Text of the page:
I am a sound artist and audio producer for radio, documentaries, podcasts, film, and space. I use sound as a medium to explore uncertainty, whimsy, and intimacy between strangers.
Recording sound, from oral history to acoustic ecology, is one of my obsessions. Or perhaps it is the other way around, my obsessions compel me to record sound.
With sound, I seek to address alterity. I want make you feel curious, beautiful, and closer... like this.
You can check out my work here: PORTFOLIO
A bit more about me:
I am currently exploring the sound of erasure by recording the voices of people who have been forcibly displaced from their homes and who are consequently living in accidental and institutionalized communities. This has led me to record the physics and perception of sound, memory, and belonging within jails and prisons throughout the United States. I do this to examine the relationship between place, ‘destiny’, and desire - for just like cities, prisons are enormous bodies of people’s desires - and to challenge the notion that we can ever disappear people. In prison, your mind must become a labyrinth; to escape you have to create a world you can get lost in. But, there is truth in imagination.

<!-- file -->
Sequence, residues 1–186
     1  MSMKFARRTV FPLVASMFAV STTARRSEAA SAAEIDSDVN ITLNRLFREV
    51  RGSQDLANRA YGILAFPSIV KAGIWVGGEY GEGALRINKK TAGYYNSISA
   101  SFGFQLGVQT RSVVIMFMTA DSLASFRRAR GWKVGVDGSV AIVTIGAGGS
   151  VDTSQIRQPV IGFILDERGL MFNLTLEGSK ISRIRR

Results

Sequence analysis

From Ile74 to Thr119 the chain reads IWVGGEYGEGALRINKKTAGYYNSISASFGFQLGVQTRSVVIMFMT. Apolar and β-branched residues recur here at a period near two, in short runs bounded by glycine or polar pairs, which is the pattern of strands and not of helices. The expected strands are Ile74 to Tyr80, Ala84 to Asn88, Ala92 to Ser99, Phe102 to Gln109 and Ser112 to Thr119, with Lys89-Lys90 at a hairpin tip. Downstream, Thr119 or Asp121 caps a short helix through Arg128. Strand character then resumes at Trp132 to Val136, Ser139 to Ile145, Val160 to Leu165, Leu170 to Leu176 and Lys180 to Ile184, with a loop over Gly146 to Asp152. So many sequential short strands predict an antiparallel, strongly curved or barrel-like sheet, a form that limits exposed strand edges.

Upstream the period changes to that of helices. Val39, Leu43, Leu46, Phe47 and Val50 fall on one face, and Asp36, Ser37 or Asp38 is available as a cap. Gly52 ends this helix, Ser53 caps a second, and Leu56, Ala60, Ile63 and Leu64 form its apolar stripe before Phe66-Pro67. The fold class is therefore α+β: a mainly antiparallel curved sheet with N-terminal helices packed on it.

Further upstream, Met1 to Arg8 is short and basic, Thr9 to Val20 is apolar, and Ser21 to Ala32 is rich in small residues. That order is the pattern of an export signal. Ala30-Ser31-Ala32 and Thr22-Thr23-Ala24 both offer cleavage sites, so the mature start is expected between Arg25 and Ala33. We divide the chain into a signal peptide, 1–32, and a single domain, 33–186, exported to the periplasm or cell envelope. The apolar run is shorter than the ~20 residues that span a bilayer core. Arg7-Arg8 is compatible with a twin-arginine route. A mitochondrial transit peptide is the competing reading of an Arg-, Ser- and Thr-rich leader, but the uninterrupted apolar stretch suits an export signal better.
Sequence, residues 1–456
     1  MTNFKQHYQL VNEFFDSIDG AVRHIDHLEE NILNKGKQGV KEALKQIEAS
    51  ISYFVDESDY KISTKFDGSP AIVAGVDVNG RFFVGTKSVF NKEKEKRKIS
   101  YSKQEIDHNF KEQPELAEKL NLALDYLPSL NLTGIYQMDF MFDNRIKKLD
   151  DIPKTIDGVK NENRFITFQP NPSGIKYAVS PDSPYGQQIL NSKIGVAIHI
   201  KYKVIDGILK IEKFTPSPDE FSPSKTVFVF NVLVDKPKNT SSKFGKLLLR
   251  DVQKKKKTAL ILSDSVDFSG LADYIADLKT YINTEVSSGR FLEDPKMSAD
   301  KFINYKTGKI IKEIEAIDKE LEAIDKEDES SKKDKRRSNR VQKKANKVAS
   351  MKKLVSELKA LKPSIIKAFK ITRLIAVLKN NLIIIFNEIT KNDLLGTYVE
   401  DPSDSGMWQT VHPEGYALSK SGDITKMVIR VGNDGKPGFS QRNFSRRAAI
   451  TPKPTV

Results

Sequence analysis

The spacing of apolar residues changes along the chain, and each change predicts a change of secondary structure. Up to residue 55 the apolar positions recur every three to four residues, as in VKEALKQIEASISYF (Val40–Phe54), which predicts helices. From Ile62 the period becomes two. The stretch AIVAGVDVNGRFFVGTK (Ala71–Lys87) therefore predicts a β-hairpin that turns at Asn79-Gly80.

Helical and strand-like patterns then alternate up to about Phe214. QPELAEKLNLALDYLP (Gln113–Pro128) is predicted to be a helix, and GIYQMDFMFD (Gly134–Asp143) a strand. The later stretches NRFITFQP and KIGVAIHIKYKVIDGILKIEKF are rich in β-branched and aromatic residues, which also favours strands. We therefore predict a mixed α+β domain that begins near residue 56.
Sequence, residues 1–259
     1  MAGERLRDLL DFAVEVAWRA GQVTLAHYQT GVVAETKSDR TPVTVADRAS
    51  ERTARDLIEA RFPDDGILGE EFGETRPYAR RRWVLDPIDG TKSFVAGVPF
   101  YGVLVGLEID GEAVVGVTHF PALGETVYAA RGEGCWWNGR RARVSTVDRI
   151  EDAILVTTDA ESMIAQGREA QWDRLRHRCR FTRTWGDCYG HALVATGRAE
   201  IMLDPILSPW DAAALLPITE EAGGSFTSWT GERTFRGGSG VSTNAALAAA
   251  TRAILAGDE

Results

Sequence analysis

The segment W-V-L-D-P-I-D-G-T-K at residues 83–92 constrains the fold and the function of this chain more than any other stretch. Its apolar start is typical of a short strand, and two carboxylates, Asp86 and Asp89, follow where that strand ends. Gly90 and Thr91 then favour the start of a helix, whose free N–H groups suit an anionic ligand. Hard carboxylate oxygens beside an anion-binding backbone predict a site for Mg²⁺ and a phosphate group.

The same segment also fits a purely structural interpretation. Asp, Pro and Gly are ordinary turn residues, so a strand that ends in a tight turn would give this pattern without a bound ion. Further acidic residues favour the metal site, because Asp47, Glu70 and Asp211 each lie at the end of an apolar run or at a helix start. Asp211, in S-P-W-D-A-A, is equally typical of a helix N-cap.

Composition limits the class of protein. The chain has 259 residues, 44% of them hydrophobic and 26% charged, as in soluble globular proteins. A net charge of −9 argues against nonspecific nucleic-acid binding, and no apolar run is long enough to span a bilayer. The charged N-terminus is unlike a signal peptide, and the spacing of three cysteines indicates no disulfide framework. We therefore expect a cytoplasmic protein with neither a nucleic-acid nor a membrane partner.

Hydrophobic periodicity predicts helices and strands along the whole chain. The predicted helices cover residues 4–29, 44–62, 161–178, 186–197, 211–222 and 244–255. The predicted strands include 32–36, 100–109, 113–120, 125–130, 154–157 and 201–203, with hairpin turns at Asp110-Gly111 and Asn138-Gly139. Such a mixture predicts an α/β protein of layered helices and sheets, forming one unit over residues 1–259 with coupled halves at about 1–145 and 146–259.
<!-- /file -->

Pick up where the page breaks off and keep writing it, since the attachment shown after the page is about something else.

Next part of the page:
I am producing this work in collaboration with two men who were sentenced to life without parole as youth, Adolfo Davis and Efrén Paredes Jr. I have been recording their lives on a daily to weekly basis since 2015. On the phone, we talk about everything: from what music they are listening to that day, to the view outside of their window, to navigating identity. Instead of focusing on the details of the crimes that they are accused of, I document their inner worlds and their struggle to maintain friendships and relationships on the outside and to contribute as citizens despite being locked up. It's also about love - the act of loving and seeing ourselves despite the politics of recognition.
The purpose of this project is to create an audio documentary and series of soundscapes that challenge perceptions about solitary confinement, juvenile life without parole, and mass incarceration. The hope is that by doing so, we can cultivate compassion across disparate communities and landscapes.